• Very good point. I think my problem is that I’m not one of those “default settings” people. I’m sure you get what I mean. I often overlook the fact that the average person would take it out of the pack, mash the PTT and if the other one picks it up…”It works!” I’m just not wired that way.

            Thanks for having a normal conversion on the internet. Look, we didn’t even have to call each other names or attack each other’s intelligence! Take it easy.

            • Yes, how true!

              Remember when you would visit friends in the old days, and notice that most VCRs (Video Cassette Recorder) used to flash 12:00 on the display? That was, of course, because the default time had either not been set, or lost its memory in a power glitch. The owner forgot how to program it and lost the instructions.

              FRS Channel 1 and Privacy Tone 1 (PL Tone 67Hz) is the bubble pack radio equivalent to VCR time 12:00🙂

      • Hi, I need your help. Trying to upload your freq file on to my Baofeng UV-5R, BUT the Chirp program will not “Trans to Radio”. It will download FROM the radio. I see your columns heading are different from the radios columns. Would that make a difference? And it has columns your list doesn’t have. I’m obviously new at this so ANY help would be greatly appreciated. Thanks, Steve

        • Steve, if I understand the problem you are having, it seems like maybe you are trying to send the .csv file directly to the radio. The radio is expecting an image file. The general instructions are: download the image from the radio, import the .csv file into the image, upload the image to the radio. The file you got from this website is a general list of information that isn’t specific to any model of radio. Therefore, you have to import it into the image (which CHIRP downloaded from your radio and is specific to firmware version on the radio), and then send that back to the radio.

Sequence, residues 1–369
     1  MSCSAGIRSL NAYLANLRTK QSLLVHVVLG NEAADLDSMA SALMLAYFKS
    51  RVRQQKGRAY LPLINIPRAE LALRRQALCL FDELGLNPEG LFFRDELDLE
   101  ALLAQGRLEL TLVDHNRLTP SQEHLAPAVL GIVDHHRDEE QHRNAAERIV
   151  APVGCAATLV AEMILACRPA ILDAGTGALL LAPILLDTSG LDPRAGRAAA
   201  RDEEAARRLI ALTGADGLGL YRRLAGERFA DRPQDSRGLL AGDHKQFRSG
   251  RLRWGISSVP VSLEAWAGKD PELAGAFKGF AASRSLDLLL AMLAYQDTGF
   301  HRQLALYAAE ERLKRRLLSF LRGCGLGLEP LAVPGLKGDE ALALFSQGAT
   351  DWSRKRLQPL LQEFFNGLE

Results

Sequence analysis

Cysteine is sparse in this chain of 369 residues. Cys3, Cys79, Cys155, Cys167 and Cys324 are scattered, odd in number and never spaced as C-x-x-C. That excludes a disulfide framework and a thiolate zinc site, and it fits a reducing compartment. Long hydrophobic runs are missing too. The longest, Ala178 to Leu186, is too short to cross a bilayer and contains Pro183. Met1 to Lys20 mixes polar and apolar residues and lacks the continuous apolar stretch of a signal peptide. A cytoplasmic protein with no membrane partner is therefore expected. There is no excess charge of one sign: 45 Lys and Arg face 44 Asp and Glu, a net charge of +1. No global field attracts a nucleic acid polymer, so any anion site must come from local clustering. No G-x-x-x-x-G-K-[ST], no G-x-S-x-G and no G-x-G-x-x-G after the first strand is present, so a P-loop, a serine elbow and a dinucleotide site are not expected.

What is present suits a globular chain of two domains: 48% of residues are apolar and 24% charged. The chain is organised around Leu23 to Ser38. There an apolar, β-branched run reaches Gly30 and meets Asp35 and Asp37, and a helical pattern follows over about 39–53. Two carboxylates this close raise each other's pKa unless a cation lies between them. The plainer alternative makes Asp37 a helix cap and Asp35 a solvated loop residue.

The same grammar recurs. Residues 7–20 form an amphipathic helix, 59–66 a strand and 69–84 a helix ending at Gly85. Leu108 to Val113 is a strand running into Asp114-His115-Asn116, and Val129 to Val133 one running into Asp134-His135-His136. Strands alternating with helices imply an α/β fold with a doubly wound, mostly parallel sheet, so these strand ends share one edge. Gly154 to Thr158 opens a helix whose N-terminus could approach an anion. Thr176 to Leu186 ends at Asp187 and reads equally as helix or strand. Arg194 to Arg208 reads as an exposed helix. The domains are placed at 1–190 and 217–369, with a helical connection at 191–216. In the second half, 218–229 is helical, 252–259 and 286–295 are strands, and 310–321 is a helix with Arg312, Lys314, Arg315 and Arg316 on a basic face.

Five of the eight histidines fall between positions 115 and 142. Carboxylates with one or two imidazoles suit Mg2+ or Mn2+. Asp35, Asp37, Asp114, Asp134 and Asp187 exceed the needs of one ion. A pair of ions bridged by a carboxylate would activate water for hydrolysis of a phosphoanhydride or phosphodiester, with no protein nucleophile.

I hope this makes sense. Check CHIRP’s beginner’s guide for more detailed instructions. Here is the link.

          Follow steps 1-3 under “Basic Procedure for Programming”, and during step 2, you will jump down to “Importing From Another File” under “Other Operations”.

          Good luck.

          • Yes i finally got it uploaded. Thks. I do have a question about the Tone. It defaulted to None and shows 88.5. Do i need to change it to Tone and 67?

  7. I think that the most confusing thing is PL tone or ctcss or DCS. In survival mode is better to NOT have any of this. I think that in case of PMR, FRS or whatever family service the manufacturer gone too far by all this. We will need reliable simplex and that’s it.

  8. Howdy. I’m new to all of this, but I have a question. I got past the driver issues with my cheap cable, figured out the “why doesn’t the csv upload to my radio” issue, and got my Baofeng programmed. But it skipped the weather NOAA channels. Why?

  9. Roger Dodger

    The UHF 446 ham simplex frequencies are wrong:
    441.0000 National Digital Calling Frequency
    441.5000 Simplex Digital
    446.0000 National FM Calling Frequency
    446.5000 Simplex Digital

    • All the RadioMaster Reports channel frequencies are correct. Thanks for posting, but the ham radio digital calling frequencies you mention are not standard FM. They are of little use to 99% of the survivalist SHTF preppers using standard FM dual-band HTs, so digital channels are purposely not in this list.

  10. Roger Dodger

    PMR 446 Digital FDMA:
    1 446.103125
    2 446.109375
    3 446.115625
    4 446.121875
    5 446.128125
    6 446.134375
    7 446.140625
    8 446.146875
    9 446.153125
    10 446.159375
    11 446.165625
    12 446.171875
    13 446.178125
    14 446.184375
    15 446.190625
    16 446.196875

  11. Roger Dodger

    PMR 446 Digital TDMA:
    1 446.10625
    2 446.11875
    3 446.13125
    4 446.14375
    5 446.15625
    6 446.16875
    7 446.18125
    8 446.19375